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Mdewakanton Sioux Indians of Minnesota v. Zinke

United States District Court, District of Columbia

June 9, 2017

MDEWAKANTON SIOUX INDIANS OF MINNESOTA, et al., Plaintiffs,
v.
RYAN ZINKE, [1] Secretary, United States Department of the Interior, et al., Defendants. Re Document No. 17

          MEMORANDUM OPINION DENYING PLAINTIFFS' MOTION FOR TEMPORARY RESTRAINING ORDER AND A PRELIMINARY INJUNCTION

          RUDOLPH CONTRERAS United States District Judge.

         I. INTRODUCTION

         Plaintiffs are currently engaged in litigation to compel various federal entities to recognize them as an American Indian tribe. Plaintiffs now seek a temporary restraining order, followed by a preliminary injunction, barring an election to amend the constitution of a different tribe, because Plaintiffs assert the amendments would impair their rights. Because Plaintiffs fail to demonstrate an irreparable injury, neither a temporary restraining order nor a preliminary injunction is appropriate.

         II. BACKGROUND

         Plaintiffs are several individuals and the Mdewakanton Sioux Indians of Minnesota, which they allege is an American Indian tribe to which they belong. Compl. at 2, ECF No. 1. Plaintiffs brought suit in this Court to compel the United States defendants “to acknowledge [the tribe's] existence and to enjoin the United States from continuing arbitrary decisions without informing the [tribe] that have the consequence of adversely affecting the rights or potential rights of the [tribe].” Compl. at 2. Defendants moved to dismiss the complaint on several grounds, see generally Fed. Defs.' Mot. Dismiss, ECF No. 10, and that motion remains pending.

         Plaintiffs now seek a temporary restraining order, followed by a preliminary injunction, to stop the June 14, 2017 Secretarial election of the Prairie Island Indian Community.[2] See generally Pl.'s Mem. Supp. Mot. Temp. Restraining Order & Prelim. Inj. (Pl.'s Mot.), ECF No. 17. Plaintiffs assert that the amendments to the Prairie Island Indian Community's constitution at issue in the election would impair Plaintiffs' tribal rights. Pl.'s Mot. at 7-9; see also Pl.'s Mot. at 3 (asserting that the proposed amendments, if passed, would “effectively terminate [Plaintiffs' tribe] without congressional Act”).

         III. LEGAL STANDARD

         “Preliminary injunctive relief, whether in the form of a temporary restraining order or a preliminary injunction, provides an ‘extraordinary remedy' that is ‘never awarded as of right.'” Paleteria La Michoacana, Inc. v. Productos Lacteos Tocumbo S.A. de C.V., 901 F.Supp.2d 54, 55-56 (D.D.C. 2012) (quoting Winter v. Nat. Res. Def. Council, Inc., 555 U.S. 7, 24 (2008)). Because a temporary restraining order is “an extraordinary and drastic remedy, ” it should not be granted “unless the movant, by a clear showing, carries the burden of persuasion.” Nat'l Head Start Ass'n v. Dep't of Health & Human Servs., 297 F.Supp.2d 242, 246 (D.D.C. 2004) (quoting Mazurek v. Armstrong, 520 U.S. 968, 972 (1997)).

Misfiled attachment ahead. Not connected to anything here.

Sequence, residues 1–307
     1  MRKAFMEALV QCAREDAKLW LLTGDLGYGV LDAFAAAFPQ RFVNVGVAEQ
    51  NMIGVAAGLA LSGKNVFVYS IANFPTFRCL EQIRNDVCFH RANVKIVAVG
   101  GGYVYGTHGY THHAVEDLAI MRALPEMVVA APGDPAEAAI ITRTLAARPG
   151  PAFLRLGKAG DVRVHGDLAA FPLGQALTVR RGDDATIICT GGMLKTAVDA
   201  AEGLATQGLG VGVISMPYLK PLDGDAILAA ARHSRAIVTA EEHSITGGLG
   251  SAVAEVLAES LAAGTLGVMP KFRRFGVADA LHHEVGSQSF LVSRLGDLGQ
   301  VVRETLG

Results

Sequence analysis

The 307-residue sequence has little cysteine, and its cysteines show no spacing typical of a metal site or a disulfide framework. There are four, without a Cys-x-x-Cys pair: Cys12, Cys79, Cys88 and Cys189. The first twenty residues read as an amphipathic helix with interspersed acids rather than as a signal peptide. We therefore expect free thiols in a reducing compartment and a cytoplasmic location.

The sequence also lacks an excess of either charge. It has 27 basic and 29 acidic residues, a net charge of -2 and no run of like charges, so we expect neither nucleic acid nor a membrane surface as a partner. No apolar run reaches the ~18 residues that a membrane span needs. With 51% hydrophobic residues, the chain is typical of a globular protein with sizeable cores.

In order to receive preliminary injunctive relief, the movant must demonstrate “(1) that it has a strong likelihood of success on the merits, (2) that it will suffer irreparable injury if injunctive relief is denied, (3) that other interested parties will not suffer substantial harm if injunctive relief is granted, and (4) that the public interest favors the granting of injunctive relief, (or at least, that the granting of injunctive relief is not adverse to the public interest).” Paleteria La Michoacana, 901 F.Supp.2d at 56 (citing Wash. Metro. Area Transit Comm'n v. Holiday Tours, Inc., 559 F.2d 841, 843 (D.C. Cir. 1977) and Federation Internationale de Football Ass'n v. Nike, Inc., 285 F.Supp.2d 64, 68 (D.D.C. 2003)).

         Regardless of how the other three factors are analyzed, [3] it is required that the movant demonstrate an irreparable injury. See, e.g., Chaplaincy of Full Gospel Churches v. England, 454 F.3d 290, 297 (D.C. Cir. 2006) (“A movant's failure to show any irreparable harm is therefore grounds for refusing to issue a preliminary injunction, even if the other three factors entering the calculus merit such relief.”).

         IV. ANALYSIS

         The Court considers if Plaintiffs have demonstrated that they will suffer an irreparable harm absent the issuance of a temporary restraining order or preliminary injunction, and concludes that they have not. Because showing an irreparable injury is mandatory, the Court does not consider the remaining factors.

         Plaintiffs' motion devotes only a single paragraph to discussing the irreparable injury requirement. Pl.'s Mot. at 43-44. Plaintiffs argue that preliminary injunctive relief is necessary to avoid increased litigation expenses, specifically, that:

Due to the actions of the federal guardian leaving the [Plaintiffs] without resources, the cost of the litigation is being borne by the Plaintiffs. The Plaintiffs' resources are limited. If the Plaintiffs' resources are exhausted by litigation expense, the litigation will end-an irreparable injury. Preserving the legal status quo reduces the cost of ...

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